— Recollections Of My Childhood And Youth • George Brandes

... transcribed before leaving Japan I have now been able in the course of a leisured year in England to overhaul and to supplement by up-to-date statistics in an extensive Appendix. In the changed circumstances in which the book is completed I have also ruthlessly transferred to this Appendix all the technical matter in the text, so that nothing shall obstruct the ...
— The Foundations of Japan • J.W. Robertson Scott

... Scriptures the symbol of departure from Himself, and closely associated monogamic love with monotheistic worship, teaching us by the history of all ancient idolatries that the race which is impure spawns unclean idols and Phrygian rites; if Nature attaches such preciousness to purity in man that the statistics of insurance offices value a young man's life at twenty-five, the very prime of well-regulated manhood, at exactly one-half of what it is worth at fourteen, owing, Dr. Carpenter does not hesitate to say, to the indulgence ...
— The Power of Womanhood, or Mothers and Sons - A Book For Parents, And Those In Loco Parentis • Ellice Hopkins

... deep in statistics, now. Fallen women, infectious diseases. If I could lead the conversation to mathematics! I am well ...
— Married • August Strindberg

... circumstance, estate, establish, substance, obstacle, obstinate, destiny, destination, destitute, substitute, superstition, desist, persist, resist, insist, assist, exist, consistent, stead, rest, restore, restaurant, contrast; (2) stature, statute, stadium, stability, instable, static, statistics, ecstasy, stamen, stamina, standard, stanza, stanchion, capstan, extant, constabulary, apostate, transubstantiation, status quo, armistice, solstice, interstice, institute, restitution, ...
— The Century Vocabulary Builder • Creever & Bachelor

... &C.—are henceforth harmless, because we know how to rectify them in practice; but let us deign to consider for a moment how much they have retarded the progress of science. If, indeed, it be a matter of little importance to statistics, mechanics, hydrodynamics, and ballistics, that the true cause of the fall of bodies should be known, and that our ideas of the general movements in space should be exact, it is quite otherwise when we undertake to explain the system of the ...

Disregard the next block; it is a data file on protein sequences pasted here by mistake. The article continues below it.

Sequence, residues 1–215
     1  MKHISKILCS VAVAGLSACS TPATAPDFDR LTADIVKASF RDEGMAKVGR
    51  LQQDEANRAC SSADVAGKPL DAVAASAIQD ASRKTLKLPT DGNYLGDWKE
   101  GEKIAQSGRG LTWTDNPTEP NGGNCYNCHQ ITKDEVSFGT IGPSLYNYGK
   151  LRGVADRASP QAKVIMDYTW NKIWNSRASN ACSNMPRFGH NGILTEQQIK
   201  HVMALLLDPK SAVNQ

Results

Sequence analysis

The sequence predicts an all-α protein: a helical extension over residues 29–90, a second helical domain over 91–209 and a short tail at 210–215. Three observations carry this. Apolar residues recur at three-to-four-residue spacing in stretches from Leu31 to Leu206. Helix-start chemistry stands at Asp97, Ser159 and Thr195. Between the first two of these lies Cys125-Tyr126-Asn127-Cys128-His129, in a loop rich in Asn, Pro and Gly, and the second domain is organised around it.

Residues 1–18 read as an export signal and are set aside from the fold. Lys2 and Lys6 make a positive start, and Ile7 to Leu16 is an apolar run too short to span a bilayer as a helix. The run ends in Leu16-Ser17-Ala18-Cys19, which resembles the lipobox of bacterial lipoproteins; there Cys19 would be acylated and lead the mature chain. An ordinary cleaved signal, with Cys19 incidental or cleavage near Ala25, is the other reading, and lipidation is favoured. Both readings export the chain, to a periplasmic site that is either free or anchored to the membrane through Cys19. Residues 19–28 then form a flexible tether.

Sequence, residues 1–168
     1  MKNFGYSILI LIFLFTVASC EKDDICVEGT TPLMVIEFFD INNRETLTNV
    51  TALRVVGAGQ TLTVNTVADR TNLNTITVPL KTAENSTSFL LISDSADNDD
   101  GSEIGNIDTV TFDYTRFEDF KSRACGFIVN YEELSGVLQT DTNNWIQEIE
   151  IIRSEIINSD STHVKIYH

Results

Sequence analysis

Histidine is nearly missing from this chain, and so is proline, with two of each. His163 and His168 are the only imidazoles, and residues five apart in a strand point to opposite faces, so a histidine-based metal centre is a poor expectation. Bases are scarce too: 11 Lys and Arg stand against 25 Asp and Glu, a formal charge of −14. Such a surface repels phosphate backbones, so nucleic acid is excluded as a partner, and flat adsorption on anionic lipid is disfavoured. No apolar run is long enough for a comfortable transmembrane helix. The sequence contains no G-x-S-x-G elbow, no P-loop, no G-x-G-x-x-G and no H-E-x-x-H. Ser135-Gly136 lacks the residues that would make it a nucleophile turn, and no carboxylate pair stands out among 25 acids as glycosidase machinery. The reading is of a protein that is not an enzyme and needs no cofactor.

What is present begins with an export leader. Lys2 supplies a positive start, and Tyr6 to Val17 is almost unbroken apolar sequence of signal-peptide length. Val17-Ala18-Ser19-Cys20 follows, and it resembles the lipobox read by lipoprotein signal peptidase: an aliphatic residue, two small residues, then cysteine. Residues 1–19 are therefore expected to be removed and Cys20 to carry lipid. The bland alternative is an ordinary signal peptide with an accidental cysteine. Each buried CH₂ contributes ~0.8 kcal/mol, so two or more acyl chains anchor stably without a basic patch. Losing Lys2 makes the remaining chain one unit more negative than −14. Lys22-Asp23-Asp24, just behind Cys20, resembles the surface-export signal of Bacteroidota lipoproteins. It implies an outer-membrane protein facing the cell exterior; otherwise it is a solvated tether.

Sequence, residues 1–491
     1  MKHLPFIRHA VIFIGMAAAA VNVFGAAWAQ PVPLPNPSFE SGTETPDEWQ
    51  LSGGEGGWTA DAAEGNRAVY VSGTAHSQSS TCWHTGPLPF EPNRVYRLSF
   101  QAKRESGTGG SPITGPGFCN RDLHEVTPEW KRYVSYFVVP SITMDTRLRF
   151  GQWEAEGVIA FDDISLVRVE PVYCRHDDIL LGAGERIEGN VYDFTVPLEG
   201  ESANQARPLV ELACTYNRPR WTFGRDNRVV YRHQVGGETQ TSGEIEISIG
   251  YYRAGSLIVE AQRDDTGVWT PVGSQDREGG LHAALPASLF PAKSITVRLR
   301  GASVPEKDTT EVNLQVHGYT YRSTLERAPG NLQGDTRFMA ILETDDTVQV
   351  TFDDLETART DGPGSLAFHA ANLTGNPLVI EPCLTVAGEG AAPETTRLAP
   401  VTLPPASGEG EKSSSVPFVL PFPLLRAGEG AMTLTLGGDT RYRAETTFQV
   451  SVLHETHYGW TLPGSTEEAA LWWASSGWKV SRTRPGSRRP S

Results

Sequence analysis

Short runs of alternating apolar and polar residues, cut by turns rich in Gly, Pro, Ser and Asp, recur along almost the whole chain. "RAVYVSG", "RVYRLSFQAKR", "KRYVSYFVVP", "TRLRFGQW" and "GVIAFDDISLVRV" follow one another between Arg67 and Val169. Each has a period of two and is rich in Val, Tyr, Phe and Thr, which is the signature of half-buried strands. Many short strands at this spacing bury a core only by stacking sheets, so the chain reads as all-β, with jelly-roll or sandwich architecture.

— What is Property? - An Inquiry into the Principle of Right and of Government • P. J. Proudhon

... a barometer; when the sun shines and the weather is warm I am up; when it is wet and dull I am down, and I think this is the case with many persons; in fact, I believe weather has a greater influence on our lives than we are aware of. Statistics go to prove this; for instance, more marriages take place during the five months, June to September, than in the other seven colder months. From gaiety to despair,—more suicides take place at the fall of the ...
— Jethou - or Crusoe Life in the Channel Isles • E. R. Suffling

... headquarters lay at the foot of Otsego Lake. On the other hand, a stray hint comes from the papers of William Cooper, among which is a memorandum including various notes relating to population and other statistics, jotted down apparently in preparation for a speech or article on early conditions here, and containing the item, "Old Indian Village." A more significant record appears in the Chronicles of Cooperstown, published in 1838, ...
— The Story of Cooperstown • Ralph Birdsall

... Peter selected were four in number. He started in without delay on the proof. Foot by foot the shafts descended through the red, the white, vein matter. One by one the spider arms of the tunnels felt out into the innermost crevices of the lode. Little by little Peter's table of statistics filled; here a pocket, there a streak, yon a clear ten feet of low-grade ore. The days, the months, even the years slipped by. Summers came and went with a flurry of thunder-showers that gathered about Harney, spread ...